Some examples of non-qualified sources are inheritances and proceeds from mutual funds or money market accounts. Other examples of non-qualified sources are settlements from life insurance policies and deferred compensation.
To sum up, SPIAs are taxable because they are income sources. How much of the payments are taxable will depend on the funding sources.
What Are the Advantages of a SPIA?
For the most part, people who choose SPIAs are individuals nearing retirement. a SPIA is the go-to annuity type for retirees due to its security and simplicity. Here are some of the reasons you may want to consider choosing a SPIA:
Steady and Guaranteed Income for Years
A SPIA gives the annuitant a steady source of income that continues until the annuitant’s death. Since a SPIA is a contractual agreement, the insurance company must deposit payments regularly.
In short, the guaranteed income generated from a SPIA is income no annuitant can outlive.
Now, you might ask yourself what happens to any outstanding balance in the SPIA after the owner’s death. We will answer this question by discussing the next benefit of a SPIA.
An annuitant can opt for a Life Only arrangement. It pays the most, but the insurer gets to keep any remaining balance after the annuity owner’s death. The Life Only arrangement is the most common condition annuitants opt for — especially those without beneficiaries.
However, a Life Only condition is only one of several ways to structure a SPIA. An annuitant can arrange to have 100% of any outstanding balance deposited to the beneficiaries.
By doing this, the annuitant creates an obligation for the insurance company to pay the beneficiaries. For many SPIA owners, doing this minimizes risk and gives peace of mind.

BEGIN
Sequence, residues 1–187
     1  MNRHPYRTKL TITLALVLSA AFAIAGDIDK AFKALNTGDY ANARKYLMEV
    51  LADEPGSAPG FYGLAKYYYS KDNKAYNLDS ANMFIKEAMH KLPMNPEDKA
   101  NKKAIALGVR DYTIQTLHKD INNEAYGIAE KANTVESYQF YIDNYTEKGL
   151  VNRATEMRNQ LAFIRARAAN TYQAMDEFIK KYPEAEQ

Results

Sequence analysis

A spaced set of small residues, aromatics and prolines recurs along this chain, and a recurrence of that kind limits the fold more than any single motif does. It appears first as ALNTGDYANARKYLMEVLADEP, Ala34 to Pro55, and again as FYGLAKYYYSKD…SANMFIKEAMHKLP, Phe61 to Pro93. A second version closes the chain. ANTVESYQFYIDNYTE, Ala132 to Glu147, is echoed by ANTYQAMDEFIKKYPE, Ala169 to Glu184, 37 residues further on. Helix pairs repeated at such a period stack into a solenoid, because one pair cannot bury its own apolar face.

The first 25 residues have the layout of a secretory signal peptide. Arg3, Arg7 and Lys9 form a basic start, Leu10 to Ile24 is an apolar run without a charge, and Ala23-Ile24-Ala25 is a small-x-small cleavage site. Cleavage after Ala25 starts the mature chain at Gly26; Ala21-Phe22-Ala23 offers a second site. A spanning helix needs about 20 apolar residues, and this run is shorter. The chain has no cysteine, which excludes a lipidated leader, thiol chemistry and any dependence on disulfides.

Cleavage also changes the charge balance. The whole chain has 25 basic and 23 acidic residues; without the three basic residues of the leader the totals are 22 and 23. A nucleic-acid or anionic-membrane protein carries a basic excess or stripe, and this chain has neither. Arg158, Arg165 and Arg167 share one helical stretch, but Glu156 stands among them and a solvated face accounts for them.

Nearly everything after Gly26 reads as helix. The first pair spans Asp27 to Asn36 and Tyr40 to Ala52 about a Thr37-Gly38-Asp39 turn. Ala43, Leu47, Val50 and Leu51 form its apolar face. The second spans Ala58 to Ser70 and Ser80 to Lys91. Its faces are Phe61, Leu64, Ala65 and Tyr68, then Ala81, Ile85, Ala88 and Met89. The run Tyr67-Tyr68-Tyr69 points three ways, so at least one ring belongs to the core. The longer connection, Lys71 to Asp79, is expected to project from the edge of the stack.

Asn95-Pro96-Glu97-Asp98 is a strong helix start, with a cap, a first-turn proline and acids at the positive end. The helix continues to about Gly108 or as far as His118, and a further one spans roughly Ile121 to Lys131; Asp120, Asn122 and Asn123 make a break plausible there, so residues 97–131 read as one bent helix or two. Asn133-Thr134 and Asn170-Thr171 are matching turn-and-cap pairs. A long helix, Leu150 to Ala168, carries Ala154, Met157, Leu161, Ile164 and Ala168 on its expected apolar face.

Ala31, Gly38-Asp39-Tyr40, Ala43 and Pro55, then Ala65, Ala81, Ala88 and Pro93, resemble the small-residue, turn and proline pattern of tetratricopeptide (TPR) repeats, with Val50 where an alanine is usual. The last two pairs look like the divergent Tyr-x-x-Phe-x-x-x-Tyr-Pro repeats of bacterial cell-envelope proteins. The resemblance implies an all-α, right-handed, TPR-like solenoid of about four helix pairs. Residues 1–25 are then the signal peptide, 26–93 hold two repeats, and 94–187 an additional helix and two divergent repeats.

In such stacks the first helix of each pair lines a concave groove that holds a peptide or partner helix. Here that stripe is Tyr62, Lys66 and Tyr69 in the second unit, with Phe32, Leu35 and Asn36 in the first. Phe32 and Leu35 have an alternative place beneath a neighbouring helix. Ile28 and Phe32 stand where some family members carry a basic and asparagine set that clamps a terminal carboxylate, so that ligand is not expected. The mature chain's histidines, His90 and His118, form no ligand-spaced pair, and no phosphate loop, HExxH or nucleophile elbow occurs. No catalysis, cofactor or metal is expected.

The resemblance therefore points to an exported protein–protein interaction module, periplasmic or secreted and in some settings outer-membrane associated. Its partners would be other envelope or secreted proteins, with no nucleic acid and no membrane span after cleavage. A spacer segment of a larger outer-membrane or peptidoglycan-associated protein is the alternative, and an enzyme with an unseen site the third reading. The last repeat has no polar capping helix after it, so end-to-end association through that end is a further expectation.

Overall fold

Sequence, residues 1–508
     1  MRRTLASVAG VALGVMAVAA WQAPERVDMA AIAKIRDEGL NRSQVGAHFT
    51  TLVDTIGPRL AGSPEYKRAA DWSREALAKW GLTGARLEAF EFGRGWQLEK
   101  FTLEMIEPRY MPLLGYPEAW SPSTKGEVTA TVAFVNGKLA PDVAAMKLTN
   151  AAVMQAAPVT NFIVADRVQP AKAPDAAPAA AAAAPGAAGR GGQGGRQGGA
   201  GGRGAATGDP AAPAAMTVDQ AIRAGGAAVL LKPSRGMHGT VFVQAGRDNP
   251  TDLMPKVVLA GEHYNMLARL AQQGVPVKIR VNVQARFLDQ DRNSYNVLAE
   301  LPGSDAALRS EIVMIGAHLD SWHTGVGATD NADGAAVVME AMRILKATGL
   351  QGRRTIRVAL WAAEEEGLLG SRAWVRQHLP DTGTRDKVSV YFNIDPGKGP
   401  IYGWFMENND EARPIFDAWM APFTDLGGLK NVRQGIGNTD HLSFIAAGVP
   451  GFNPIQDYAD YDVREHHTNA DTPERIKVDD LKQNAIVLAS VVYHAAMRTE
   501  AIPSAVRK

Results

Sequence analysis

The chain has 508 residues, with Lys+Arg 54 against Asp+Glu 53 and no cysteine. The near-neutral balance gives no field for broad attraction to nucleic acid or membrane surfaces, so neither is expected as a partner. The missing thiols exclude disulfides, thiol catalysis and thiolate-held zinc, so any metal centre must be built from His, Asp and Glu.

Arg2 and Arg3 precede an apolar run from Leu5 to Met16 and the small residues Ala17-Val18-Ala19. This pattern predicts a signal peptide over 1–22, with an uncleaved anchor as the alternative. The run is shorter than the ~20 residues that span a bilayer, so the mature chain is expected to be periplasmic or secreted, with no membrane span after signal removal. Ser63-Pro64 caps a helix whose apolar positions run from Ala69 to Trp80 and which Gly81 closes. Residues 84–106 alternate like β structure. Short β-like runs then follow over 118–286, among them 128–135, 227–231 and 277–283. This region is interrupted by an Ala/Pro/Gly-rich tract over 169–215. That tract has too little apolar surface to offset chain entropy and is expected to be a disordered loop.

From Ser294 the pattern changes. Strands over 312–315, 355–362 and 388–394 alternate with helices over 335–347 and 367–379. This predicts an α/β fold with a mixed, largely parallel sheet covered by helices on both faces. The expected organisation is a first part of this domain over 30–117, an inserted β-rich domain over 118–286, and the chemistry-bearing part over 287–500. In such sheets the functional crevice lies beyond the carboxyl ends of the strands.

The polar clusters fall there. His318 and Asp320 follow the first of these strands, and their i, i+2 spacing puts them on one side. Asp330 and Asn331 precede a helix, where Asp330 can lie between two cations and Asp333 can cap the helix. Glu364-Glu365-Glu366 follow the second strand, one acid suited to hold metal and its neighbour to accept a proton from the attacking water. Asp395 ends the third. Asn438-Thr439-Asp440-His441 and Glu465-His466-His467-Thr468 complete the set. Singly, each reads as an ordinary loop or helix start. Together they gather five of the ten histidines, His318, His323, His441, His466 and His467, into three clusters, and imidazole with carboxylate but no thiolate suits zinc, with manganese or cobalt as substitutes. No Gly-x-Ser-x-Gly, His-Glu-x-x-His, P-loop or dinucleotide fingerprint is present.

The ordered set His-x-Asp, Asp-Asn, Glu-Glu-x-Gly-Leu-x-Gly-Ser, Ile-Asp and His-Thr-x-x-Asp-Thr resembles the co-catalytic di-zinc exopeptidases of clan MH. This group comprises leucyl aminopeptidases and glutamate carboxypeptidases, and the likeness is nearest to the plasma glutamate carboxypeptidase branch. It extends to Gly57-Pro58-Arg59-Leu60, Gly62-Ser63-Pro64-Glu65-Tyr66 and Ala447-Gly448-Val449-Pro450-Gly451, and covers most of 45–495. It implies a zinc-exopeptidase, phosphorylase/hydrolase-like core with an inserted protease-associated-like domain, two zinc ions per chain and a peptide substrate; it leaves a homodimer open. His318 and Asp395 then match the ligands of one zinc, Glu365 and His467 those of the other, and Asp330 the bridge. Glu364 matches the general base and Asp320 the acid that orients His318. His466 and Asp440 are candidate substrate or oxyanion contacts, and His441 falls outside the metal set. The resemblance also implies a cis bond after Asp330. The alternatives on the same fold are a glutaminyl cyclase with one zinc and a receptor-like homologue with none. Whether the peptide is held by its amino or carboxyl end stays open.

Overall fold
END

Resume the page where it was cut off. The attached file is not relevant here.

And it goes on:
SPIA owners and insurers can tweak the payout terms of the annuity however the owner chooses. Before consolidating the SPIA, the owner and insurer can add conditions to the contract. The terms and conditions can cover payout dates, beneficiary listings, and what happens to the money after the owner’s passing.
When someone buys a SPIA, the insurance company adds the new owner’s payment to a pool of funds created for payouts. Some of the annuitants will pass away and have Life Only conditions in their contracts.
The money from the policies of these annuitants goes into a “risk pool fund.” This fund allows the insurance company to pay annuitants who outlive their calculated life expectancy. The proportion of the fund added to the living SPIA owner is the mortality credit.
Hence, you can earn more on your SPIA by living past your calculated life expectancy.
All of the Ease Without the Fees
SPIAs are simple:
You get a quote and pay a lump-sum amount depending on the estimates and your desired income. Because SPIAs are not investment funds, you don’t have to pay any fees for account management.
What Are the Drawbacks of a SPIA?
Despite the security and simplicity that a SPIA offers, you need to be aware of several things before making your final decision.
SPIAs Are a Fixed Income Source — Not an Investment